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The Theory of Catch Shares

February 27, 2012

A new study evaluates the impacts of catch share management in the U.S. and Canada, finding:

[C]atch shares result in environmental improvements, economic improvements, and a mixture of changes in social performance, relative to the race for fish under traditional management. Environmentally, compliance with total allowable catch increases and discards decrease. Economically, vessel yields rise, total revenues grow, and long-term stock increases are encouraged. Socially, safety increases, some port areas modestly consolidate, needed processing capacity often reduces, and labor markets shift from part time jobs to full time jobs with similar total employment.

Here’s a good graphic:


I find the evaluation compelling, and I again turn to think on the theory of catch share management.  Why does it work?  The standard argument is based in economics: the incentives are not properly aligned. As the authors write:

Traditional management fisheries are non-catch share fisheries that use any or all of the following management tools: limited entry, effort control, trip limits, and total catch limits…this style of management contains inherent imbalances. In theory, it reins in overfishing through input and output controls that limit how a fisherman can fish and how much a fisherman can produce. In practice, fisherman innovation leads to increased fishing capacity and effort, which then leads to progressively more Draconian command-and-control measures…This process locks fishermen into a cycle of increasing effort and control called the “race for fish.” In a race for fish, fisheries are closed either for the remainder of the season or until the next pre-determined opening as soon as the TAC is reached. Thus, an individual fisherman must catch the fish quickly; otherwise, other fishermen will catch the limited supply of fish. This situation has negative environmental, economic, and social repercussions…

Catch shares remedy the shortcomings of traditional management by directly addressing the common property problem of rival, non-excludable fish stocks. As each fisherman’s stake in the fishery is secure, there is no incentive to race for fish. Similarly, since the value of a fisherman’s quota is directly dependent on the long-term stock level, there is an incentive to support long-term management for high biomass levels. By changing fishery management institutions to properly align incentives, catch shares can end the race for fish, helping to avoid fisheries’ collapse.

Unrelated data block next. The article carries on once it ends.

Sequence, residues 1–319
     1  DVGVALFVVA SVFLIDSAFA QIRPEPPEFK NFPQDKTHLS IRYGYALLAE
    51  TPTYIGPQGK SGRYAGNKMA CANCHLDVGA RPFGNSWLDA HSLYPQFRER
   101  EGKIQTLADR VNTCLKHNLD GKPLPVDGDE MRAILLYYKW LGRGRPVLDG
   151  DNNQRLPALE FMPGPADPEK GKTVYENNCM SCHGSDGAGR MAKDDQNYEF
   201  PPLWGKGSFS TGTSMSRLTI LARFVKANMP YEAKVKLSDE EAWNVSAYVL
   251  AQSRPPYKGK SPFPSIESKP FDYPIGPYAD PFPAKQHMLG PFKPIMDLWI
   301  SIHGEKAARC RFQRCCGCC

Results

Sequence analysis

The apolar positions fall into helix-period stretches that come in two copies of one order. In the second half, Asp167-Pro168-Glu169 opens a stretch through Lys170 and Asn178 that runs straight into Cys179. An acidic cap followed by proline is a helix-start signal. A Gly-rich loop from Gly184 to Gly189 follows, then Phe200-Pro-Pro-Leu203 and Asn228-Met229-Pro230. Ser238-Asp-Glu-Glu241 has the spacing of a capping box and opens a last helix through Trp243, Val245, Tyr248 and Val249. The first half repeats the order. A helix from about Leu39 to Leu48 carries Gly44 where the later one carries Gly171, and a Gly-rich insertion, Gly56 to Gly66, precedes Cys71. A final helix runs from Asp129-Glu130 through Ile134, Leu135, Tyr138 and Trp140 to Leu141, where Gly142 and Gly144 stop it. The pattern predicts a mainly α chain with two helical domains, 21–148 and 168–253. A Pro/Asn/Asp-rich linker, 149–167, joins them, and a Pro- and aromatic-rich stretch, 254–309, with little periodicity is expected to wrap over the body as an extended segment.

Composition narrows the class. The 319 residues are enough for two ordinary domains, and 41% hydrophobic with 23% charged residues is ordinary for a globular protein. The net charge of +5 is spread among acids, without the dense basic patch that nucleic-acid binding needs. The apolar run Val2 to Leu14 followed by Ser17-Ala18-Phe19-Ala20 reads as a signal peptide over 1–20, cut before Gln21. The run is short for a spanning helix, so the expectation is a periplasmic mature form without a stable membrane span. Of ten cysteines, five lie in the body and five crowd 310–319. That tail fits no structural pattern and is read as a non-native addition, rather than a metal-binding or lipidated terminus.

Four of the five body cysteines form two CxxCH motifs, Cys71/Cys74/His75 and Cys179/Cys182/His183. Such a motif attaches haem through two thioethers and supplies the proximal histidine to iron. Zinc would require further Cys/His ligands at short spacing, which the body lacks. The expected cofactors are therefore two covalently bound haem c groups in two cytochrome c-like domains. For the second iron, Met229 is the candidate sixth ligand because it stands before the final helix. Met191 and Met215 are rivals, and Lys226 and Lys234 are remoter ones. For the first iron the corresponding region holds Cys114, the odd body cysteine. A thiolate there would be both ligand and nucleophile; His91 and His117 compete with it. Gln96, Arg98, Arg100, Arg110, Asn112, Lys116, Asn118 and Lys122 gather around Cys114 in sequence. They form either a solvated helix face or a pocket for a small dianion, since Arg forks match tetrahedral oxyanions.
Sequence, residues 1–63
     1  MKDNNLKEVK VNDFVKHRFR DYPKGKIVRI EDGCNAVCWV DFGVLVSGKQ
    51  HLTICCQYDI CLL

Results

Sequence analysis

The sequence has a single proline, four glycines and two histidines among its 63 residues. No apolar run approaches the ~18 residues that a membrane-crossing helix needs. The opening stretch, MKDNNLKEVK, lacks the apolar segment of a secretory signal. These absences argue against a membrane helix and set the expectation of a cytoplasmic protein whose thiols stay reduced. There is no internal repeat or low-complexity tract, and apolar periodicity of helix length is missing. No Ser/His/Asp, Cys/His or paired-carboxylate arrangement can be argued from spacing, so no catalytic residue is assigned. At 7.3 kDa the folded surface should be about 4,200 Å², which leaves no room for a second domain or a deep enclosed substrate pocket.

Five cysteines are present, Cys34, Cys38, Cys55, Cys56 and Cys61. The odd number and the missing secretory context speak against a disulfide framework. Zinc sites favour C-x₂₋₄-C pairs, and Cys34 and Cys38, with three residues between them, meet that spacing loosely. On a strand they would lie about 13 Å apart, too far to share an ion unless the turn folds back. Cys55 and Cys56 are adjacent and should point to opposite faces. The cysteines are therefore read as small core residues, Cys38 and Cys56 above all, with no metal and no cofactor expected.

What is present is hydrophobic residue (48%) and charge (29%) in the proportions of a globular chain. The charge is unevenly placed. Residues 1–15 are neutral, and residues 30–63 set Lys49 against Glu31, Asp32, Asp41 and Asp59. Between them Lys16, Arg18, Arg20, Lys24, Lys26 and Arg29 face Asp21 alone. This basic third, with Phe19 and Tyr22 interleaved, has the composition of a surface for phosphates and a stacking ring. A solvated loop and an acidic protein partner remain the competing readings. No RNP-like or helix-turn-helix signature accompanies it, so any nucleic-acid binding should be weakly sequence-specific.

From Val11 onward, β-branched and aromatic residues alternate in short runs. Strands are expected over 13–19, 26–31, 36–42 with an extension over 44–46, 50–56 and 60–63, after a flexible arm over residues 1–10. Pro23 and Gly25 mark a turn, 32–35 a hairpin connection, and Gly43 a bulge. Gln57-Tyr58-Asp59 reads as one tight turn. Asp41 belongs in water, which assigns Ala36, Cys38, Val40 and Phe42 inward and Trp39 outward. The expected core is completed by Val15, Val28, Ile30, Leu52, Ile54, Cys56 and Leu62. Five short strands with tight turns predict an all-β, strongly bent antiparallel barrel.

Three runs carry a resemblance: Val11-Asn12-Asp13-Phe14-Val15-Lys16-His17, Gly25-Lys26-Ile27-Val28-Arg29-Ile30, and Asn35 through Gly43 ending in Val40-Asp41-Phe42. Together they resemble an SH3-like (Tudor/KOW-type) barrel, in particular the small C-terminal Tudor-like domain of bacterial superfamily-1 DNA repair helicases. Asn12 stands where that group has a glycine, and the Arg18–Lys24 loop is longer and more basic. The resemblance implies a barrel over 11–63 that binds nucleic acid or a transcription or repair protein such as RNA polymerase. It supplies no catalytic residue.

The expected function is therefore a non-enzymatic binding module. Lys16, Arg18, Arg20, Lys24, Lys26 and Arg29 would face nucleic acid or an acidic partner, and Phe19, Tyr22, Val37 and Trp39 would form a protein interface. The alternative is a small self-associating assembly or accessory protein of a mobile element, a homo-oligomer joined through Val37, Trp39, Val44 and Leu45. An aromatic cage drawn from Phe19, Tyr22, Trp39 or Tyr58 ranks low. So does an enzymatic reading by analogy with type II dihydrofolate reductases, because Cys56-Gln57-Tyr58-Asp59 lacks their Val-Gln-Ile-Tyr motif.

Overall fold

I wonder if we might also find important explanations in political science.  Could there also be separate and equally important learning and trust building processes that are occurring alongside this change to the economic institutions?  And perhaps the absence or failure of these processes explain why sometimes catch share programs do not work, or are slow to get off the ground, and why sometimes traditional management succeeds?

A great deal of collaboration and communications work goes into implementing catch shares, and I suggest that increased private enterprise-government interactions may increase participants’ knowledge of fisheries science and levels of trust of public managers.  As I have pointed out before, fishermen may be prone to a ‘sampling bias’ and see fish as being more abundant than they really are.  And fishermen may have little trust in the objectivity of the science when their views are challenged.  In some cases, you even hear discussion of conspiracies by environmentalists to stop all fishing.

Going forward, I would enjoy seeing research into fishermen’s knowledge and trust in government before and after transitions to catch shares.

Grimm, D., Barkhorn, I., Festa, D., Bonzon, K., Boomhower, J., Hovland, V., & Blau, J. (2012). Assessing catch shares’ effects evidence from Federal United States and associated British Columbian fisheries Marine Policy, 36 (3), 644-657 DOI: 10.1016/j.marpol.2011.10.014

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